In The Land Of FREE we still Keep on Rockin'

I was so much older then, I'm younger than that now

Plain and Fancy

Music gives soul to universe, wings to mind, flight to imagination, charm to sadness, and life to everything.


Saturday, April 30, 2011

Chicago - Chicago Transit Authority (1969 us, smashing debut album, with fusion jazz and blues rock elements, japan SHM remaster)

Opinion on what is surely one of the finest debut albums ever made tends to be somewhat polarised these days. Detractors of what eventually, sadly, unforgivably, metamorphosed into the ultimate slush-rock outfit simply ignore it; admirers of the earlier stuff who nonetheless try to distance themselves from the currently unfashionable genre of jazz-rock describe the band as a mainstream hard-rock quartet accompanied by a more-adventurous-than-average Memphis-style horn trio. In fact Chicago Transit Authority has real jazz in bucketloads, alongside blissed-out rock, blues, funk-soul and some wilful psychedelic oddness, particularly in the lyrics and occasional sound effects. And in this instance the mixture really does work.

The first thing that hits your consciousness is the bullhorn-brash confidence of this nascent outfit. Seven unknown but uncompromising musicians offer as their first recording a double album containing eleven lengthy tracks (and one short prologue). The staple fare is meticulously arranged songs, some of which contain enough modulations and changes of tempo to allow them to qualify as suites. Heaven knows how long they rehearsed to get their sh*t this tight, but they are that good and they know it. What other band had the chutzpah to include on its debut a seven-minute solo guitar piece comprising only electronic feedback, long before Lou Reed or Neil Young did so? No wonder the guitarist can be heard laughing into the amplifier mic half way through the piece. He’s not giving the finger to the record company; he’s saying, “this isn’t gratuitous noise, this is our art: make up your own mind whether it’s valid.”

All the musicians are excellent, but in particular guitarist Terry Kath can give Hendrix a fright in the sustain/widdling stakes (“Poem 58”: reportedly, Jimi rated him as a peer) and can perform a continually-inventive twelve-minute strut on the pentatonic comparable to Frank Zappa at his best (“Liberation”). Yes, the horns can throw in the choreographed stabs, but they show themselves capable of ambitious yet economical improv soloing (“Introduction”). Together, the septet move beyond finely honed jazzy pieces (“Beginnings”) through a bludgeoning riff-blues (“South California Purples”) to a latin-drenched drum solo (the fine cover of Steve Winwood’s “I’m A Man”), while the lyrics veer from hippy-dippy mysticism (“Does Anybody Really Know What Time It Is?”) to abrupt political statement (“Prologue, August 29, 1968” / “Someday”). The latter segues seamlessly and intelligently out of the former, a location recording of a chanting civil rights crowd, to drum the message home.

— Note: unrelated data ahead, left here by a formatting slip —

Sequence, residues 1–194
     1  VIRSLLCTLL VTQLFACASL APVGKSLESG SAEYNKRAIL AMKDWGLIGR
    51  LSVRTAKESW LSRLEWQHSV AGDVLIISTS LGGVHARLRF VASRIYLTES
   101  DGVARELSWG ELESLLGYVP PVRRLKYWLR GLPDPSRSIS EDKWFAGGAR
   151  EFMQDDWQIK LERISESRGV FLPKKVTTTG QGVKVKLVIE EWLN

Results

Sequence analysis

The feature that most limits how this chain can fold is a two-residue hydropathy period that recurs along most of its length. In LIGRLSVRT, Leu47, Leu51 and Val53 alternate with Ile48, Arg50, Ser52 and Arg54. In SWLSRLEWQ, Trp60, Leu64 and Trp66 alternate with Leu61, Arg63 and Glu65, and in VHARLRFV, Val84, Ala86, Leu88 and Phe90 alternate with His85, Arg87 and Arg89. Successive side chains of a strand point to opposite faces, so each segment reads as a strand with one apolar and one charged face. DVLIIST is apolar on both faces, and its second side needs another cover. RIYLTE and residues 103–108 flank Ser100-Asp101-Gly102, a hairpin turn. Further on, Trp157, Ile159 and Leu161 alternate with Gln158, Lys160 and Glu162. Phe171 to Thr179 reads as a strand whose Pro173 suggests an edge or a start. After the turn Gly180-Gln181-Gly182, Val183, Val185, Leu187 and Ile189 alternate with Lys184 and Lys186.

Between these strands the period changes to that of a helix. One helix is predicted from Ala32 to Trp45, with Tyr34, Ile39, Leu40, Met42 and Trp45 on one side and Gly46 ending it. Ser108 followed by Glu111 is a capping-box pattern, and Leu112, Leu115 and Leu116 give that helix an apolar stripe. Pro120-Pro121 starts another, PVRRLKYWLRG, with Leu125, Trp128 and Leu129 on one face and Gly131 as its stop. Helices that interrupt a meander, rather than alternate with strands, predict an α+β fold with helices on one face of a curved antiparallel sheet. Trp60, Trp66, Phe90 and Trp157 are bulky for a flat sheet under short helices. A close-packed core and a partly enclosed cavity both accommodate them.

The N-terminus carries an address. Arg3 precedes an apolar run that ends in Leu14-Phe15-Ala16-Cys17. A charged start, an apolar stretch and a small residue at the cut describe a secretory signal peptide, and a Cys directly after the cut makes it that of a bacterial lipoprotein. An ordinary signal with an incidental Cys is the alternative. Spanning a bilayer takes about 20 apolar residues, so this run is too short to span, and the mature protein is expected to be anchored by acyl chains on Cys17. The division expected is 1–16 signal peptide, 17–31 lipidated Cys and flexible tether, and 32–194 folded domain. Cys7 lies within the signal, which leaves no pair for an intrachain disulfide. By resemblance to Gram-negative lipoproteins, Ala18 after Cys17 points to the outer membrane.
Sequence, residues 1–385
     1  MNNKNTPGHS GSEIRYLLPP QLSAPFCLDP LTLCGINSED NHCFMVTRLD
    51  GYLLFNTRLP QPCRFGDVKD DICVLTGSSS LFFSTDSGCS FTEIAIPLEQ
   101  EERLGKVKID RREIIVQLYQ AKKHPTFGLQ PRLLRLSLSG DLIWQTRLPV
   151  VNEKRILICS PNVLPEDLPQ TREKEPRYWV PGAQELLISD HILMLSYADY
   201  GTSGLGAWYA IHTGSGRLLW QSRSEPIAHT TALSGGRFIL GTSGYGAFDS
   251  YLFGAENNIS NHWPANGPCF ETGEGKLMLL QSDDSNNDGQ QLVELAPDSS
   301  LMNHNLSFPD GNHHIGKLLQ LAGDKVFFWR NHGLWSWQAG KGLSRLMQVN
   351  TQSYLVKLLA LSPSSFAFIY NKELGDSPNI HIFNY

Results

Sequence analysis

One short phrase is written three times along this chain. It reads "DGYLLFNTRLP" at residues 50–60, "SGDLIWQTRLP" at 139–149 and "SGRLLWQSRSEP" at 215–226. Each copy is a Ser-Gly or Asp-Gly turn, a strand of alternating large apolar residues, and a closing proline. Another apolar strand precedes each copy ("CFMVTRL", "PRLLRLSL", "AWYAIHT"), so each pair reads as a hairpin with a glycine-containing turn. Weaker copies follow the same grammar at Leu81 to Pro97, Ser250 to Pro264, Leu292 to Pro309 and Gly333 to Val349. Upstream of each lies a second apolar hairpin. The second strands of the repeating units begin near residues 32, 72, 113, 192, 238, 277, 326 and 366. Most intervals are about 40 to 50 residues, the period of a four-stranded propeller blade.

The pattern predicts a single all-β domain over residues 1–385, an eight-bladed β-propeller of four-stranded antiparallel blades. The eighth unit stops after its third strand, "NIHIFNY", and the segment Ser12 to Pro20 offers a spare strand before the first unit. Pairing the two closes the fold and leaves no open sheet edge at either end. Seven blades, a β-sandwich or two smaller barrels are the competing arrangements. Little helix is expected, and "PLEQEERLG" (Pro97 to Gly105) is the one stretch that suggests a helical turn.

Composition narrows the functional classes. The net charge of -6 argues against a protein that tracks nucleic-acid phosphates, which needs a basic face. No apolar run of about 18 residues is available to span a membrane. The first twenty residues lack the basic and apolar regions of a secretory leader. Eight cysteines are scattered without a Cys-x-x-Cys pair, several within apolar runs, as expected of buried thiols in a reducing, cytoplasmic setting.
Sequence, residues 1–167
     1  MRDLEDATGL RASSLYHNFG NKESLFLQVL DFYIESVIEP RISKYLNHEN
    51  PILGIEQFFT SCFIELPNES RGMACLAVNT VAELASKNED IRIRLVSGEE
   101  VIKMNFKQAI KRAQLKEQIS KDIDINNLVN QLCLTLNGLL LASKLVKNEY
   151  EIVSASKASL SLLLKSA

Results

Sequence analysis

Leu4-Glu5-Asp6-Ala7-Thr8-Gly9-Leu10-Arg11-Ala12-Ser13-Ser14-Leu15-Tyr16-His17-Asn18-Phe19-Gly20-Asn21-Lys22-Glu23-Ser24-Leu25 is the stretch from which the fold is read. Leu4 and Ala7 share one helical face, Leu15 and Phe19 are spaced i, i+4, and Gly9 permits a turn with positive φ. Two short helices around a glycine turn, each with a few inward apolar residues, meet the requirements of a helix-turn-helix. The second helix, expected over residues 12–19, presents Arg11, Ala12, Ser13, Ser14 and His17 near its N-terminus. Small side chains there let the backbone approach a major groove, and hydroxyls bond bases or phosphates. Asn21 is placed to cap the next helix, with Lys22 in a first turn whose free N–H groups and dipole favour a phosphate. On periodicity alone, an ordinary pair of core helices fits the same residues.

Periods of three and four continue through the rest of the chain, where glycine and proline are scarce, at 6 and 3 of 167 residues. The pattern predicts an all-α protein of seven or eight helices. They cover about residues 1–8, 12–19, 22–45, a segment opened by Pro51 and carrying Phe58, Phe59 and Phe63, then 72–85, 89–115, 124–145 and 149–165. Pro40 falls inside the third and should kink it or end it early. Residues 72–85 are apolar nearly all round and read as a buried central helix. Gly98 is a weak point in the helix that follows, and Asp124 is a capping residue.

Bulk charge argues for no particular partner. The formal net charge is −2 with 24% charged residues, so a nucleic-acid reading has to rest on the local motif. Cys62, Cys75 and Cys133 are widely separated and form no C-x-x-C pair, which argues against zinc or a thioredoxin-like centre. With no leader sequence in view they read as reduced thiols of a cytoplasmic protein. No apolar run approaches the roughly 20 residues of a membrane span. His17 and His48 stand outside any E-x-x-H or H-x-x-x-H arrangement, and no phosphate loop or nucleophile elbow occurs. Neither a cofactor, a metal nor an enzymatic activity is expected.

1. Introduction (Terry Kath) - 6:35
2. Does Anybody Really Know What Time It Is? (Robert Lamm) - 4:35
3. Beginnings (Robert Lamm) - 7:54
4. Questions 67 and 68" (Robert Lamm) - 5:03
5. Listen (Robert Lamm) - 3:22
6. Poem 58 (Robert Lamm) - 8:35
7. Free Form Guitar (Terry Kath) - 6:47
8. South California Purples (Robert Lamm) - 6:11
9. I'm a Man (Steve Winwood/James Miller) - 7:43
10.Prologue (James William Guercio) - 0:58
11.Someday (James Pankow/Robert Lamm) - 4:11
12.Liberation (James Pankow) - 14:38

*Peter Cetera - Bass, Vocals
*Terry Kath - Guitar, Vocals
*Robert Lamm - Keyboard, Vocals
*Lee Loughnane - Trumpet, Vocals
*James Pankow - Trombone
*Walter Parazaider - Woodwinds, Vocals
*Danny Seraphine - Drums

Free Text


Anonymous said...

Thank you for this essential album n Japan release.

MIF said...

The first and the best. Thank you Marios

Brain Police said...

Thank you Marios for the SHM edition of this fantastic album!

Tommy Duque said...

Thanks Marios, this is such a classic album.
No doubt you are a great buddy to all good music lovers ...

Hajul Ellah said...

The sound of this Japanese edition is even more fantastic. Thank you very much, Marios.

Anonymous said...

Grazie !!!

Anonymous said...

Thank you so much for the links. MP3 @320 is enough for me. It because I just need to check it out how audiophile the CD are [and how the cover sleeve], just before I buy the CD. And, of course about the music, whether I like it or not.
Sorry for my bad English, cause my main language and the place where I grown up ain't no use English on there. So, it makes me have difficultiesness to speaking in English. I'm a half Japanese and a half Indonesian, and which my family that stranded in Surabaya. And have the internet connection which is kinda shitty so slowly speed. (that's why I said MP3 @320 is enough for me, beside I just need it for my review before I decided to buy the CD).

With warm regards,
Asuki :)

No Title said...

Thank you. I never listen to this band but I know them for a long time. Someone told me it is a good one. I don't like brass section in rock bands. So thank you to make me listen to them and have an idea.

Unknown said...

Please could this album be reposted ?

The links are dead.

Thank you in advance.


Marios said...


Unknown said...

First of all, let me say thank you so much Marios for fulfilling my request.

This is a stunning album from start to finish.

I can hear jazzy influences on this record, which bring to mind similar era King Crimson.

The horn section is hot and relentless too.

Thank you once again.


Saturday 10th January 2015 00.22am